Multiple women have come forward to The Associated Press to allege that Plácido Domingo, one of the world's most powerful and recognizable opera stars, sexually harassed them in a series of incidents over the course of some 30 years.
In a report published Tuesday, the nine accusers, who include eight singers and a dancer, told the AP that beginning in the 1980s, Domingo tried to pressure them into sexual relationships by offering them jobs and opportunities in the insular and highly competitive world of opera. Several say that Domingo exacted career retribution against them when they refused him.
Born in Spain and raised largely in Mexico, Domingo enjoys one of the most durable and broad careers in opera. Most popularly, he was one of The Three Tenors, alongside the late Luciano Pavarotti and José Carreras; the trio's first recording became the best-selling classical album of all time. At age 78, after decades of performing as a top tenor, Domingo works as the general director of the LA Opera in Los Angeles (where he has served in that role since 2003), runs a top global opera competition, conducts widely, and remains a major box-office draw at the world's greatest opera stages, now singing as a baritone.
As part of a lengthy statement provided to NPR, Domingo said: "The allegations from these unnamed individuals dating back as many as thirty years are deeply troubling, and as presented, inaccurate."
Seven of the accusers say that they suffered negative effects to their careers. According to the AP, some of the women say that "roles he promised never materialized" and several said that they were never hired to work with Domingo again.
New York's Metropolitan Opera, the Philadelphia Orchestra, and the San Francisco Opera are among the high-profile opera and classical music institutions that had engaged Domingo to perform in September and October. His most recent album is Volver, a recording with guitarist Pablo Sáinz-Villegas, which was released by Sony Masterworks in 2018.
Domingo has already experienced the first fallout from the published allegations. On Tuesday morning, the Philadelphia Orchestra announced that it had rescinded its invitation for Domingo to sing at its season-opening gala, saying: "The Philadelphia Orchestra Association has withdrawn its invitation to Plácido Domingo to appear as part of its opening night concert on Sept. 18, 2019. We are committed to providing a safe, supportive, respectful, and appropriate environment for the orchestra and staff, for collaborating artists and composers, and for our audiences and communities." The orchestra said that it will announce a replacement soloist and program at a later time.
In addition to the nine accusers, the AP reports that it has spoken to six other women who say that Domingo made them feel "uncomfortable" in his pursuits of them, and that it also spoke to "almost three dozen other singers, dancers, orchestra musicians, members of backstage staff, voice teachers and an administrator who said they witnessed inappropriate sexually tinged behavior by Domingo and that he pursued younger women with impunity."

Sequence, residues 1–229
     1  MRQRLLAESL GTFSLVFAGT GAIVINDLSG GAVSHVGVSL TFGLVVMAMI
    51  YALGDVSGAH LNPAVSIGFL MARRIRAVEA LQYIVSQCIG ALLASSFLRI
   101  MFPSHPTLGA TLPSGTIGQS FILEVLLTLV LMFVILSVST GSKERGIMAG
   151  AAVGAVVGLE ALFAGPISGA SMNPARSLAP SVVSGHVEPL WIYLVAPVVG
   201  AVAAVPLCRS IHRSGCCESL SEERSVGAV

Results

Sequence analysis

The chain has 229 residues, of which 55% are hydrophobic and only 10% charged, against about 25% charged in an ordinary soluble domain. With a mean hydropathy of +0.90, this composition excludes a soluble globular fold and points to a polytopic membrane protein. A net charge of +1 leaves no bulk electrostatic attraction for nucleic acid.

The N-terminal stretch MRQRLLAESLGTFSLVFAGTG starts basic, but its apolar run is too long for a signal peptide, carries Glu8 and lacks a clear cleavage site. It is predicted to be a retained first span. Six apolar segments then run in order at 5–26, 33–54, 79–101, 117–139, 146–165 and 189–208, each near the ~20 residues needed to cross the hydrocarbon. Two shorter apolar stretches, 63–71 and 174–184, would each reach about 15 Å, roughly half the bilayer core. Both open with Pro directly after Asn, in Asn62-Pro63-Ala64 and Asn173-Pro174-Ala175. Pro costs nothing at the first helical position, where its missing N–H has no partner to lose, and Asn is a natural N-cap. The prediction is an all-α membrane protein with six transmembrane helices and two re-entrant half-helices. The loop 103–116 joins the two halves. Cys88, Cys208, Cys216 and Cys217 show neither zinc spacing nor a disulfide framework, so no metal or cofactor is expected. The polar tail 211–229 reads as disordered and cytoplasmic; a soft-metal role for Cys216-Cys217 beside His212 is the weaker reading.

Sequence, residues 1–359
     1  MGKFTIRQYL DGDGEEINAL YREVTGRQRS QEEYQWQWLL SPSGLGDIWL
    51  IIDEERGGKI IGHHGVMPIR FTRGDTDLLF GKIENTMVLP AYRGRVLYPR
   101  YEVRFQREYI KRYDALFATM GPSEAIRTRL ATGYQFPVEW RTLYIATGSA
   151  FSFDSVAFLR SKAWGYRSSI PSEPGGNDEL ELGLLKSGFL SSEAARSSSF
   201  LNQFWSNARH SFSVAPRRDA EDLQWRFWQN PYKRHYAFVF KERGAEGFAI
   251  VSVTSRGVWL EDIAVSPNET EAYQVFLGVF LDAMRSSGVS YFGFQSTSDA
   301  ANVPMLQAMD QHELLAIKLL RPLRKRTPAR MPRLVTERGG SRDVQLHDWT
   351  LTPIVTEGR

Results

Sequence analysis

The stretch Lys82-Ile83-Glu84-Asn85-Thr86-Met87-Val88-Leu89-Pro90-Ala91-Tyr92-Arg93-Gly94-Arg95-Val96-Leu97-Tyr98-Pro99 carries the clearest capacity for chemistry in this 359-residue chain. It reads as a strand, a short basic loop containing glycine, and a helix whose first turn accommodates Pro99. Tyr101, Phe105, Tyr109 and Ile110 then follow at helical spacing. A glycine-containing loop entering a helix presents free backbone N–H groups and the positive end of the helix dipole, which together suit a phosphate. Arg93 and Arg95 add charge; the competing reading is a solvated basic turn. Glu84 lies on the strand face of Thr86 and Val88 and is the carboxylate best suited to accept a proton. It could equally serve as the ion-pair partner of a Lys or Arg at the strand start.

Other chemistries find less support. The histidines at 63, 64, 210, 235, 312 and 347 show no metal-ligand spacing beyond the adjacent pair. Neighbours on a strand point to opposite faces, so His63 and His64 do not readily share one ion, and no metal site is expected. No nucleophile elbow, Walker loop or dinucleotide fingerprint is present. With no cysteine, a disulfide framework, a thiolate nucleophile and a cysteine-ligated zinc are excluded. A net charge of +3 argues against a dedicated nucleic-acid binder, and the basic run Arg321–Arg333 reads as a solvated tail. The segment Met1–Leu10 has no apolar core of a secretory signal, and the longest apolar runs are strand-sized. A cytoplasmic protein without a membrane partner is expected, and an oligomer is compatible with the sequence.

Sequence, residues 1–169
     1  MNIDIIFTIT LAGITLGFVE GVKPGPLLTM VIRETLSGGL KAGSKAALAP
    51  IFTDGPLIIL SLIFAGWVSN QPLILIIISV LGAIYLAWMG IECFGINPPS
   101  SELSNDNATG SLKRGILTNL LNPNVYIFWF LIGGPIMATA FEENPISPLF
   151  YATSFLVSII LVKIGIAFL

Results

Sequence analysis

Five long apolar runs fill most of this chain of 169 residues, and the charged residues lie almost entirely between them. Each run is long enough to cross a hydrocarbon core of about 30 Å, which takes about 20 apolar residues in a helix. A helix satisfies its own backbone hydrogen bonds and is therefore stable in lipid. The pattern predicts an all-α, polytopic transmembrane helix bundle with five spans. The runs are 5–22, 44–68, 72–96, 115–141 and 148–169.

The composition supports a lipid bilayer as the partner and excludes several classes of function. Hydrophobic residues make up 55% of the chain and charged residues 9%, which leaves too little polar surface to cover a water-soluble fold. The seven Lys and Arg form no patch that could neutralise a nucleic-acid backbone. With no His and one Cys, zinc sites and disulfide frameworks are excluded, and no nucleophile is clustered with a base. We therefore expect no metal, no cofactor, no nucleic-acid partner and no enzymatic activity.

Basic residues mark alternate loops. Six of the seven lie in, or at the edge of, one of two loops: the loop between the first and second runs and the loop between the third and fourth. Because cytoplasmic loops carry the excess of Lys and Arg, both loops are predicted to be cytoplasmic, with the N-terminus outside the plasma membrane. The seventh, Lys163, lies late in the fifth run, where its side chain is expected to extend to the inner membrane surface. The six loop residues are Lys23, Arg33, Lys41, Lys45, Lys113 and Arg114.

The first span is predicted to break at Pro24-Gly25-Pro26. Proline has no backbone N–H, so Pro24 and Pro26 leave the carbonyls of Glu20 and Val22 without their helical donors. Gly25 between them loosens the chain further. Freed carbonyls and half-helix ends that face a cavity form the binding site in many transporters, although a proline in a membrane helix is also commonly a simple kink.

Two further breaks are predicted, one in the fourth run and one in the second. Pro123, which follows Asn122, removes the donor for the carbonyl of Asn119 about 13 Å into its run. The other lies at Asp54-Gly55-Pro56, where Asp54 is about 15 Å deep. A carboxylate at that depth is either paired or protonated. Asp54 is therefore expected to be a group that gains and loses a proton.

One such woman who worked at the LA Opera told the AP that there was a whisper network about Domingo: "Avoid interaction with him at all costs. And definitely don't be alone with him." Women were warned not to be alone in an elevator with him.
According to the AP, Domingo exhibited very similar patterns of behavior with the women, including calling them persistently (often late at night), expressing interest in their burgeoning careers, and urging them to meet him at his apartment or hotel room "under the guise of offering professional advice." Two of the women say that they succumbed to his advances, "feeling that they couldn't risk jeopardizing their careers by saying no to the most powerful man in their profession."
One of the anonymous women told the AP that in the late 1990s, Domingo pressured her into going to his apartment near the LA Opera's home at the Dorothy Chandler Pavilion; she was 27 and married. She said that he undressed her, undressed himself, and that they had a session of "heavy petting" and "groping." She told the AP, "I was totally intimidated and felt like saying no to him would be saying no to God. How do you say no to God?"
Most of the women came forward to the AP anonymously; one, a former mezzo-soprano named Patricia Wulf, agreed to go public. Wulf sang with Domingo at the Washington National Opera, where he was the artistic director until 2011.
In his statement to NPR, Domingo continued: "It is painful to hear that I may have upset anyone or made them feel uncomfortable — no matter how long ago and despite my best intentions. I believed that all of my interactions and relationships were always welcomed and consensual. People who know me or who have worked with me know that I am not someone who would intentionally harm, offend, or embarrass anyone.
"However, I recognize that the rules and standards by which we are — and should be — measured against today are very different than they were in the past. I am blessed and privileged to have had a more than 50-year career in opera and will hold myself to the highest standards."
NPR has requested comment from the LA Opera, the Metropolitan Opera and the San Francisco Opera, but those companies have not yet responded.